I have to admit that December was always an exciting time of year because friends came home. We would plan a couple of outings in between family time but that year I was ill and I had no idea what was going on with me.
Flashback after flashback hit me. I remembered one Christmas my aunt and cousin were down. My dad escorted Santa to our garden where we were all waiting.
The entire household would gather around and our neighbour would join us from behind her wall and of course there was a gift for her too.
Then there were the years we would go Caroling before everyone grew up.
These evenings were always fun. We were allowed to stay out late. Our neighbours would wait for us to get to their houses. These times were magical. The weather was much colder than what it is now.
My mom loved this Santa and every year he was diligently placed at the entrance of the house for every passerby to see. I used to be embarrassed by the attention he attracted and a number of times strangers would ring the doorbell and ask if they could take pictures of the big guy.
Then there was mom’s birthday celebration and we were allowed to choose one location for a photograph.
My choice was a big Chinese Jar which cannot be seen in this pic. I was intrigued by this antique. It was easily over a hundred years back then and I have no idea where my maternal grandfather sourced it out from. My mom would tell us stories about how her mother would store rice in it during the Second World War.
Growing up, midnight mass was the most exciting thing about Christmas. We were allowed to stay up late. I was part of the choir and I enjoyed that. My parents were also a part of the choir and so were my best friends. Everyone gathered together to celebrate Christmas after midnight mass was over.
My dad would play the piano accordion and everyone would join in singing Christmas Carols. Yes, it was a magical time indeed. Everyone was happy and excited. Somewhere between then and now we all grew up.
Whatever it was, whatever happened, mom really worked hard to make Christmas as magical as possible from preparing our favourite sweets to making sure our favourite meal was all laid out for lunch. She went the extra mile to put chocolate hampers together and who knew that year would be the last?
Last year and this, I found myself pining for Christmas at home with my parents. How I wished I could just be there one more time. Just for one more meal, just to swipe sweets off the counter while they were being prepared. Just to aggravate the maid while she stirred a cauldron of dodol (a toffee (sort of) made out of coconut milk, jaggery (a sweetner made out of sugarcane), finger millet. A southeast Asian sweet.) Just to put up all those decorations that would make me agitated thinking about them. Just to put an ornament on a tree or to unwrap the statues of the crib. The magic has long gone but the memories linger on like silhouettes pirouetting in the background.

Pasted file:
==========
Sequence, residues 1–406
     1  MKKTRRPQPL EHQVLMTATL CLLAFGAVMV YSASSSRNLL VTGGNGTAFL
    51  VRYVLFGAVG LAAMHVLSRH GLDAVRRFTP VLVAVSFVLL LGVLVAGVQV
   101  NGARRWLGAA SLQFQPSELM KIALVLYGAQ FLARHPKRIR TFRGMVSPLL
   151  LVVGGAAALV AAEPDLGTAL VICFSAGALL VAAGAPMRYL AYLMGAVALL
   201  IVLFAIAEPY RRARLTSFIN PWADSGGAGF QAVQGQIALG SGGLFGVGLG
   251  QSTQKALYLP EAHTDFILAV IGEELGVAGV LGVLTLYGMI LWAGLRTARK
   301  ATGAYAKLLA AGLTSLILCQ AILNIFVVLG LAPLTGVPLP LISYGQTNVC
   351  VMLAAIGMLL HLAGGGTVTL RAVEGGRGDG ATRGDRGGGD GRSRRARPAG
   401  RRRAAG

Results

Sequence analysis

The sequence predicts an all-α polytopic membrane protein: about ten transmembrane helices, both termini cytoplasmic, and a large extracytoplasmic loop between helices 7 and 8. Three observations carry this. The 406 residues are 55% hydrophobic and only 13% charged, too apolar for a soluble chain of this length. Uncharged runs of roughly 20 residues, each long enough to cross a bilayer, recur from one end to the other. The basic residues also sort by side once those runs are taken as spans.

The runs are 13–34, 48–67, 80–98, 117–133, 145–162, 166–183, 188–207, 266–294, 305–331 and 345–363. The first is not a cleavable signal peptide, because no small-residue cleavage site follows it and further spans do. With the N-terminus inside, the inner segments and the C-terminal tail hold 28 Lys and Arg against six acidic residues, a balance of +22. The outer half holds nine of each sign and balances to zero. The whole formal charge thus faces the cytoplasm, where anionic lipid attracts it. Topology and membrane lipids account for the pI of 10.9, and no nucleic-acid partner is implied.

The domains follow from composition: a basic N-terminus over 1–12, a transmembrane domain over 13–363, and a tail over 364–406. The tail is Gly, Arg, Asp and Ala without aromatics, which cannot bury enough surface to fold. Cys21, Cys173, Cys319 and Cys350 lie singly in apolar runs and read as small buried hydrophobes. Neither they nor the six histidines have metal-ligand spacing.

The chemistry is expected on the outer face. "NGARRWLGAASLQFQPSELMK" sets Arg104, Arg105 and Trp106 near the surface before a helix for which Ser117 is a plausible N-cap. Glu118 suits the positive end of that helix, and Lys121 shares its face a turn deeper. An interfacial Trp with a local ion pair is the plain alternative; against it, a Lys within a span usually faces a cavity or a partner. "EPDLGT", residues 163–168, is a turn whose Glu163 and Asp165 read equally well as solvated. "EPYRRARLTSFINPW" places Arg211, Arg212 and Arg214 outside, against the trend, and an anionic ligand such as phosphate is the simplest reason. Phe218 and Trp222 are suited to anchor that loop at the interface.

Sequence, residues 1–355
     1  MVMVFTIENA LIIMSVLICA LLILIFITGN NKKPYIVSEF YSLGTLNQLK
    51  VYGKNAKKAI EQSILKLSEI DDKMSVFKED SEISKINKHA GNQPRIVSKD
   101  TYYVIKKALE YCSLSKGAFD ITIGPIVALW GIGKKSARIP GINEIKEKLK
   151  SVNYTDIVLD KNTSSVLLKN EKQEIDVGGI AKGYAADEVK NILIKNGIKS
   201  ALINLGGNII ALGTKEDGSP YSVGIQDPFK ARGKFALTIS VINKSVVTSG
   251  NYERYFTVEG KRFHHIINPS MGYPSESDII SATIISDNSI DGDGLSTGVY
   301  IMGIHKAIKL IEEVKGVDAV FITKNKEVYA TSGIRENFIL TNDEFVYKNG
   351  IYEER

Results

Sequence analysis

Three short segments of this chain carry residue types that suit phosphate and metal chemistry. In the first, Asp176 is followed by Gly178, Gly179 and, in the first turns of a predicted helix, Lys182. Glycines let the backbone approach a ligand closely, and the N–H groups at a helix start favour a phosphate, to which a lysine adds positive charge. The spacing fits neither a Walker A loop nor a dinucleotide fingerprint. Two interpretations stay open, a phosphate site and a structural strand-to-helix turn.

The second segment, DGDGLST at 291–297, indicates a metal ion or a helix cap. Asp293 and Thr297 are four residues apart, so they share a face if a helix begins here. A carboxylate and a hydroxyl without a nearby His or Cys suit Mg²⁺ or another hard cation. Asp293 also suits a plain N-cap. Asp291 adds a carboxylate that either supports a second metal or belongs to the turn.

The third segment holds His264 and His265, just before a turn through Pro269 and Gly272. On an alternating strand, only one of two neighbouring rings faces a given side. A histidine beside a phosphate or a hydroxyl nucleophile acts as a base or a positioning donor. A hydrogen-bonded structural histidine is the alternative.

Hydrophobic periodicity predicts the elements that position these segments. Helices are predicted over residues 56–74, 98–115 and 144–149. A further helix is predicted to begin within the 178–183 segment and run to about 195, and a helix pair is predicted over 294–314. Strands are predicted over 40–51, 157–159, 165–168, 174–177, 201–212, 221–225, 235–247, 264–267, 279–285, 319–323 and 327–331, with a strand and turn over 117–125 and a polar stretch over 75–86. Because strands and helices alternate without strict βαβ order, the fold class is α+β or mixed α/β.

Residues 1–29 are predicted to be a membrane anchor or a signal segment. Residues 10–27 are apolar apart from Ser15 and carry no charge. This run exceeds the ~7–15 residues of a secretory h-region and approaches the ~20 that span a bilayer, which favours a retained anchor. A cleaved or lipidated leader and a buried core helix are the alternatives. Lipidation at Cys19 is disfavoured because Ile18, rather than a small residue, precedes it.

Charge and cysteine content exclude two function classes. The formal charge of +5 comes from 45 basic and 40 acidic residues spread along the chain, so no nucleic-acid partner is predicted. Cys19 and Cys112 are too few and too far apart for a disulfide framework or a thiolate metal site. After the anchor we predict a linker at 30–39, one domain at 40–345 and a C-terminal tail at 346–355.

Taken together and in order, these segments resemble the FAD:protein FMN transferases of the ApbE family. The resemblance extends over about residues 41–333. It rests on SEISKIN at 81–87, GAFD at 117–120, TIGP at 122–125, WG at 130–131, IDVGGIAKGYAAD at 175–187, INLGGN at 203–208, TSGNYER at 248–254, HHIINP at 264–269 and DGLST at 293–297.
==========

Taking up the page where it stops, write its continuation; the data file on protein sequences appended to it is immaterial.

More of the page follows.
If only I knew that it was going to be her last Christmas I would have done things differently, played the Carols she wanted instead of making her listen to more modern Carols by various singers. Mom obviously preferred Elvis Presley to Michael Bolton. Heaven forbid I played Firehouse or Twisted Sister or any of those bands. Mom would have definitely pulled the plug on that music over Christmas for sure.
Mom is mom and Christmas with mom was so different. Now it’s hard to tell what I miss more, the magic of it all, receiving that chocolate hamper along with a pile of gifts, or the food through those Christmas weeks. In a way I think mom was trying to keep that magic alive, trying to keep us believing that family and everyone we truly cared for were the most important especially this time of year. Even though I don’t believe in the festival or anything else, I believe in family and the people I care for. I still believe that this time of year a family should be together no matter what the problems are because that’s how my mom always strove to make us believe. She held on and taught us how to hold on and maybe, just maybe, the magic never really died!
(My biopsy results were negative. I received that a couple of weeks later. That was one of the things that changed my life, my thinking, and no I don’t speak about it. Those couple of weeks were a nightmare.
My mom died two months and three weeks after our last Christmas together. Life then changed completely.
Mom always used to say that being alone this time of year is extremely difficult and last Christmas I finally learnt what she meant by that.
Now Christmas for me is spending time with my in-laws, and everyone who is available that day. My home is always open to anyone who doesn’t want to be alone.)
(A couple of days late, I know, but it’s been a bingeful, sinful time of year, and I have been working feverishly on another project which hopefully will be complete in the upcoming months (something for me to look forward to next year). It’s probably the annual itch but I’ve been a little unwell (coincidentally).
To everyone who spent Christmas with family – You have no idea how lucky you are! Cherish these times.